the underlying judgment dismisses a charge against defendant or
that the term of imprisonment imposed was not authorized. The
State therefore has no right to appeal from the underlying judgmentand this appeal is not one regularly taken. This appeal must be
Petition for Writ of Certiorari
Realizing it may not have a right to appeal the order of the
trial court, the State has also filed a Petition for Writ of
Certiorari with this Court asking us to review the trial court's
order vacating the original sentence. Review by this Court
pursuant to a Petition for Writ of Certiorari is governed by Rule
21 of the North Carolina Rules of Appellate Procedure. Pursuant to
Rule 21, this Court is limited to issuing a writ of certiorari:
to permit review of the judgments and orders
of trial tribunals when  the right to
prosecute an appeal has been lost by failure
to take timely action, or  when no right of
appeal from an interlocutory order exists, or
 for review pursuant to G.S. 15A-1422(c)(3)
of an order of the trial court denying a
motion for appropriate relief.
State v. Pimental
, 153 N.C. App. 69, 76-77, 568 S.E.2d 867, 872
(quoting N.C. R. App. P. 21(a)(1)), disc. review denied
, 356 N.C.
442, 573 S.E.2d 163 (2002). The State recognizes that its petition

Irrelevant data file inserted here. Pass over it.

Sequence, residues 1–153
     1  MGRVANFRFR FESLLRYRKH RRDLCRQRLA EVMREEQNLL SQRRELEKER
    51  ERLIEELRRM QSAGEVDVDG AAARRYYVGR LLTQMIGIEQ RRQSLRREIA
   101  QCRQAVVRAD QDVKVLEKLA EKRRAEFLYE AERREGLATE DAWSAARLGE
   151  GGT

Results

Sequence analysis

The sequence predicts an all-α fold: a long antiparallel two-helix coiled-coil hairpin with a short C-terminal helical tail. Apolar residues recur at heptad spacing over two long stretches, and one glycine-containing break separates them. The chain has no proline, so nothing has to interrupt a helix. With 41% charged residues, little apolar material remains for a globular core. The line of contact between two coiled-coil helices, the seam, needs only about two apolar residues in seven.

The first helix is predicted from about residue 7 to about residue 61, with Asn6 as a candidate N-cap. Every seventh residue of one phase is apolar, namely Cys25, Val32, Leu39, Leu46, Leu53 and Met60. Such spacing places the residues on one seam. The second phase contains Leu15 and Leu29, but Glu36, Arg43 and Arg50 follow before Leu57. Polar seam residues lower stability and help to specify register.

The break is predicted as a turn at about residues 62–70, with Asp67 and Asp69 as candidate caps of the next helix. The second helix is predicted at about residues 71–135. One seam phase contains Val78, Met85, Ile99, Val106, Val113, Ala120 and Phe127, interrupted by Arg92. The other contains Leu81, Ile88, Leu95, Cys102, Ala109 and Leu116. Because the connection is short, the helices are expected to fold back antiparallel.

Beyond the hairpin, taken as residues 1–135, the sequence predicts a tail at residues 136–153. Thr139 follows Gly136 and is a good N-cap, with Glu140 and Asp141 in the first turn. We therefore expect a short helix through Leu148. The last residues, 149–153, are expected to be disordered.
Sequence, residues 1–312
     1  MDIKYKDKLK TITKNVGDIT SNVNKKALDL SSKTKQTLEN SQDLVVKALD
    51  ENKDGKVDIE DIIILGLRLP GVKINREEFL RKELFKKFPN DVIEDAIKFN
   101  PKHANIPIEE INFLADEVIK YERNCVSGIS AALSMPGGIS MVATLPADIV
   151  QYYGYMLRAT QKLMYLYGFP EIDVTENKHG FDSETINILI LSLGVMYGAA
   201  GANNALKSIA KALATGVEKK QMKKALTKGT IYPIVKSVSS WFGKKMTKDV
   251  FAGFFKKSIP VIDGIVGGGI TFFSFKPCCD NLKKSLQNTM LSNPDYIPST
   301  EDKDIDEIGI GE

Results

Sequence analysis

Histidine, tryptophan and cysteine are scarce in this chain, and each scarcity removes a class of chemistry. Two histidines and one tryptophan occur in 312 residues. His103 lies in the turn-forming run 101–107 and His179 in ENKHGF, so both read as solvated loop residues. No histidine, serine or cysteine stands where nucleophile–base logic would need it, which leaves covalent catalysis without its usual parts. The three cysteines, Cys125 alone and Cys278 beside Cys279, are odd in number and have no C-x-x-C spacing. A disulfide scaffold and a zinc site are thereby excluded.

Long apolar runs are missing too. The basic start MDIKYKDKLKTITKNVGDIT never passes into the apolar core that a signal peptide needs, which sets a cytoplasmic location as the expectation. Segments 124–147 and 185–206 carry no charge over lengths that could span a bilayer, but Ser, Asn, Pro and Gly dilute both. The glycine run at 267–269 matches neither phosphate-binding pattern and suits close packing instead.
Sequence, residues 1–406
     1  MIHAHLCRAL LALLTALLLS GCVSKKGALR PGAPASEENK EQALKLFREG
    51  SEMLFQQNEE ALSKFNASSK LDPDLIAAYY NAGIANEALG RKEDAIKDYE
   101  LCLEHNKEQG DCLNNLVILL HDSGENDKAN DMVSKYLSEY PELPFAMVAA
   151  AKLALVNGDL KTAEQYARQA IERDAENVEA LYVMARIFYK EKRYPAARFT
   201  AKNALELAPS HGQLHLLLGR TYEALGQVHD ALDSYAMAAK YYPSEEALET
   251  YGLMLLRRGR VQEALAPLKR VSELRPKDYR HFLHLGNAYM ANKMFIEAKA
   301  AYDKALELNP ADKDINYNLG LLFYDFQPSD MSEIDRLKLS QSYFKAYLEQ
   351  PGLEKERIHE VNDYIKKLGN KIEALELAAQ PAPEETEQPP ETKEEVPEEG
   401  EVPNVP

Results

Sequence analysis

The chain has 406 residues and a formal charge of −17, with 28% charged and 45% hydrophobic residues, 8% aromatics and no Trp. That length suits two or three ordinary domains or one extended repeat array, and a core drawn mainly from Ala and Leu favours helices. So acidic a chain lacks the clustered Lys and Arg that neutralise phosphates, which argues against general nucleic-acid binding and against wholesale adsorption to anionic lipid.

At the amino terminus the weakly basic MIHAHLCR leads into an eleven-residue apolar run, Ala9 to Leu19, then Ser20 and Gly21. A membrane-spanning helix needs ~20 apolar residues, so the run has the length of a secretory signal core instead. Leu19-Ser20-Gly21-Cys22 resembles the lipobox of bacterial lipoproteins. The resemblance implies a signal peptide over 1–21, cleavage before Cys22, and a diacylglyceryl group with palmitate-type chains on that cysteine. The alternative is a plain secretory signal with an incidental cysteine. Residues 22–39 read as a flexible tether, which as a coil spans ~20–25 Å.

does not satisfy any of the conditions of Rule 21 and asks this
Court to invoke Rule 2 of the North Carolina Rules of Appellate
Procedure and review the trial court's order. See
N.C. R. App. P.
2 (granting this Court the authority to suspend the rules of
appellate procedure to prevent manifest injustice to a party). We
decline the State's request to invoke Rule 2 and deny the State's
Petition for Writ of Certiorari.
Appeal dismissed, Petition for Writ of Certiorari denied.
Judge HUDSON concurs. Judge HUNTER concurs in a separate opinion.
HUNTER, Judge, concurring.
I agree with the State that the trial court's action in
granting the motion for appropriate relief directly contradicts
settled case law regarding Eighth Amendment challenges to habitual
felon sentences and was therefore erroneous. See, e.g., State v.
Todd, 313 N.C. 110, 117-19, 326 S.E.2d 249, 253-55 (1985); State v.
McDonald, 165 N.C. App. 237, 241-42, 599 S.E.2d 50, 52-53, disc.
review denied, 359 N.C. 195, 608 S.E.2d 60 (2004), cert. denied,
___ U.S. ___, 161 L. Ed. 2d 748 (2005); State v. Clifton, 158 N.C.
App. 88, 95-96, 580 S.E.2d 40, 45-46, cert. denied, 357 N.C. 463,
586 S.E.2d 266 (2003); State v. Hensley, 156 N.C. App. 634, 638-39,
577 S.E.2d 417, 421, disc. review denied, 357 N.C. 167, 581 S.E.2d
64 (2003). The majority is correct, however, that the State has no
statutory right of appeal to this Court from entry of the order
granting the trial court's motion for appropriate relief, and that
certiorari is also unavailable. Thus, this Court is precluded from
reviewing the merits of the State's position. I note, however,
that this issue may be subject to review by our Supreme Court
pursuant to its constitutional authority. See N.C. Const. art. IV,
§ 12, cl. 1; State v. Allen, 359 N.C. 425, 429, 615 S.E.2d 256, 259
(2005) (citation omitted) (the Supreme Court may 'exercise its
general supervisory authority when necessary to promote the
expeditious administration of justice').